Twenty-seven people have been killed worldwide by the exploding inflators, including 18 in the U.S.

The decision by NHTSA is a major step in drawing the Takata saga to a close. According to NHTSA this means that all Takata ammonium nitrate inflators in the U.S. will be recalled. Earlier this year the agency decided against a recall of inflators with a moisture-absorbing chemical called a dessicant. NHTSA said it would monitor those inflators and take action if problems arise.

GM will recall full-size pickup trucks and SUVs from the 2007 through 2014 model years, including the Chevrolet Silverado 1500, 2500 and 3500 pickups. The Silverado is GM’s top-selling vehicle and the second-best selling vehicle in the U.S. Also covered are the Chevrolet Suburban, Tahoe and Avalanche, the Cadillac Escalade, GMC Sierra 1500, 2500 and 3500, and the GMC Yukon.

NHTSA said in a prepared statement that over the past four years analyzed all available data on the air bags, including engineering and statistical analyses, aging tests and field data. The agency said:

Based on this information and information provided to the petition’s public docket, NHTSA concluded that the GM inflators in question are at risk of the same type of explosion after long-term exposure to high heat and humidity as other recalled Takata inflators.

GM has 30 days to give NHTSA a proposed schedule for notifying vehicle owners and starting the recall. The automaker said that although it believes a recall isn’t warranted, it will abide by NHTSA’s decision. The company said the recalls will be phased in based on replacement inflator availability, and will cost $400 million this year.

Drivers can check to see if their vehicles have been recalled by going to and keying in their 17-digit vehicle identification number. The previous Takata recalls drove the Japanese company into bankruptcy and brought criminal charges against the company. Eventually the company was purchased by a Chinese-owned auto parts supplier.


Hyundai Preparing To Recall 77,000 Cars Equipped With LG Chem Batteries

It was reported last month that Hyundai was preparing to recall 77,000 Kona electric cars worldwide over the risk of a battery fire as the automaker is fighting with LG Chem, the battery supplier, over the cause. There have been at least a dozen Kona EV fires, sparking investigations into the batteries themselves. Official investigatory reports from Korea have placed blame on the battery cells, while another report is concluding that the problems stem from an issue with the battery pack.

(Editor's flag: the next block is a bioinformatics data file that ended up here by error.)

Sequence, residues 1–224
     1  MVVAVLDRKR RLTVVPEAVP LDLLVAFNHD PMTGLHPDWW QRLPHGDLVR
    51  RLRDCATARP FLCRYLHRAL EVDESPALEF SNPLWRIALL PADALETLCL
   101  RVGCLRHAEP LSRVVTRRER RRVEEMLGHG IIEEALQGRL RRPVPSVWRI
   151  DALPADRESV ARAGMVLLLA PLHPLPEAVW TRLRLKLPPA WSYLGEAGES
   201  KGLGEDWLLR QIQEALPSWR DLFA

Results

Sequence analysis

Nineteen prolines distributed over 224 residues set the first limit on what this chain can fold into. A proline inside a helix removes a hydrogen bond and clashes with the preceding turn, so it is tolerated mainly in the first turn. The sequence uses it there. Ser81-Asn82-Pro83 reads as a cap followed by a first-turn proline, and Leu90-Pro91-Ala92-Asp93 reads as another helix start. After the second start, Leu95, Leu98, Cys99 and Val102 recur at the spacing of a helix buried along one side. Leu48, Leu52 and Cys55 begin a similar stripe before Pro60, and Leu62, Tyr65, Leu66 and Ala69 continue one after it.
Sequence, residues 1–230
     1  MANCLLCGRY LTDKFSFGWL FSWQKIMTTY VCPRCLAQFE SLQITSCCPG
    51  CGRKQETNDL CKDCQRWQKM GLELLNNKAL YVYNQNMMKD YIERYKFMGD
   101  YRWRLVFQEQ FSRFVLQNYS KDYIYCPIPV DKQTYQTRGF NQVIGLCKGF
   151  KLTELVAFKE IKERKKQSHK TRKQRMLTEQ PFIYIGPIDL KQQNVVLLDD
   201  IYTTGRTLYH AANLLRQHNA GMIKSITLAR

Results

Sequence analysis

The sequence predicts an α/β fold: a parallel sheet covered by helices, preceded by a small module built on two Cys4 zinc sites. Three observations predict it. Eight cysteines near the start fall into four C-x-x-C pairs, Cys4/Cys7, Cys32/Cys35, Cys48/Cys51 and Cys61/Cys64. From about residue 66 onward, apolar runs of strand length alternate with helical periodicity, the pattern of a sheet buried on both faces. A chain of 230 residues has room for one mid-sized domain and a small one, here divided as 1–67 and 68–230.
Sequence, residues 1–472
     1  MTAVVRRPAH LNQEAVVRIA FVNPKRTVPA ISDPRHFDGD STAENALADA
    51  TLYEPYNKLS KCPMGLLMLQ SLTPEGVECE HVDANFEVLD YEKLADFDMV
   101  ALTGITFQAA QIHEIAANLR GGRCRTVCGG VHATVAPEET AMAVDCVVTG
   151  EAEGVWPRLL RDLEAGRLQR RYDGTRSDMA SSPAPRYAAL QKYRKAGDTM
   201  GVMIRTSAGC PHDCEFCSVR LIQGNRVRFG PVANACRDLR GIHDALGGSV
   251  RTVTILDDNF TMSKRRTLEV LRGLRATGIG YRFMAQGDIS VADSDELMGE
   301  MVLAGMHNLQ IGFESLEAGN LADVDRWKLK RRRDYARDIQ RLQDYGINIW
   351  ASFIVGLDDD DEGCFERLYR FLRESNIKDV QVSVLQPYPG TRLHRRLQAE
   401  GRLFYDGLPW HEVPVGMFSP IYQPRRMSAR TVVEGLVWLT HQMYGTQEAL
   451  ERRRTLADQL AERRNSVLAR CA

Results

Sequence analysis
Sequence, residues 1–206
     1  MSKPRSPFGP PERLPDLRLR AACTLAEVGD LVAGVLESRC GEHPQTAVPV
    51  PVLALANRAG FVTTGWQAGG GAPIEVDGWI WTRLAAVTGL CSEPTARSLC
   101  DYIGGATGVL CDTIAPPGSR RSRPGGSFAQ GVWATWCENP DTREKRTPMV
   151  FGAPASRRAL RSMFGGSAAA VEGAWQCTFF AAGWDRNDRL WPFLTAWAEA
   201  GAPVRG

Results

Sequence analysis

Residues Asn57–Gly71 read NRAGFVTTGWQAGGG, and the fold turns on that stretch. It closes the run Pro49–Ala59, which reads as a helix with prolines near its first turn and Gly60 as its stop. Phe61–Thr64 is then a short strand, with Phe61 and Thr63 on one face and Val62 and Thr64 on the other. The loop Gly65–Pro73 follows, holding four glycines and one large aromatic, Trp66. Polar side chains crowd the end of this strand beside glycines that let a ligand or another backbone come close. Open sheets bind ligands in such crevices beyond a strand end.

The Kona utilizes a battery pack made of 57-60 battery cells. The assembly is a high-voltage battery system with five such battery packs plus a battery management system (BMS) and a cooling system.

The Kona EV’s battery pack is made by HL Green Power, a joint venture of Hyundai Mobis and LG Chem. LG Chem produces the battery cells and Hyundai Mobis assembles the battery packs. LG Chem denies that the cause could be the battery cells. Hyundai already confirmed a voluntary recall of more than 25,000 Kona EVs in Korea and the recall is now expected to be extended to over 77,000 electric vehicles worldwide, including in North America. As a result of checking the recalled vehicle after updating the BMS, Hyundai Motor Company plans to replace the battery immediately if any signs of battery abnormality such as excessive cell-to-cell voltage deviation or rapid temperature change are found.

If you have any questions or need more information, contact Will Sutton, a lawyer in our Toxic Torts Section, at 800-898-2034 or by email at [email protected].

Sources:; Electrek; and

Alliance Outdoor Products Recalls Climbing Treestands

Alliance Outdoor Products Inc., doing business as X-Stand Treestands, of Lakeville, Minnesota, has recalled about 3,400 XSCT334 Silent Adrenaline / XSCT355 Apache Climbing treestands. The cable assemblies on the treestand can separate due to corrosion, posing a fall hazard to the user. This recall involves 2017 model year X-Stand Climbing Treestand Silent Adrenaline XSCT334 and Apache XSCT355. The model is identified on the box and in the instruction manual. The treestands are made from lightweight aluminum, have a black nylon netting seat and padded arm rests and seat bar. The weight capacity is 300 pounds.

Treestands with a batch number located on the metal plate riveted to the stand that ends in “17” are included in the recall. The UPC code for the recalled stands is 816153011219 (Silent Adrenaline) and 816153011677 (Apache). The UPC code is located on the box.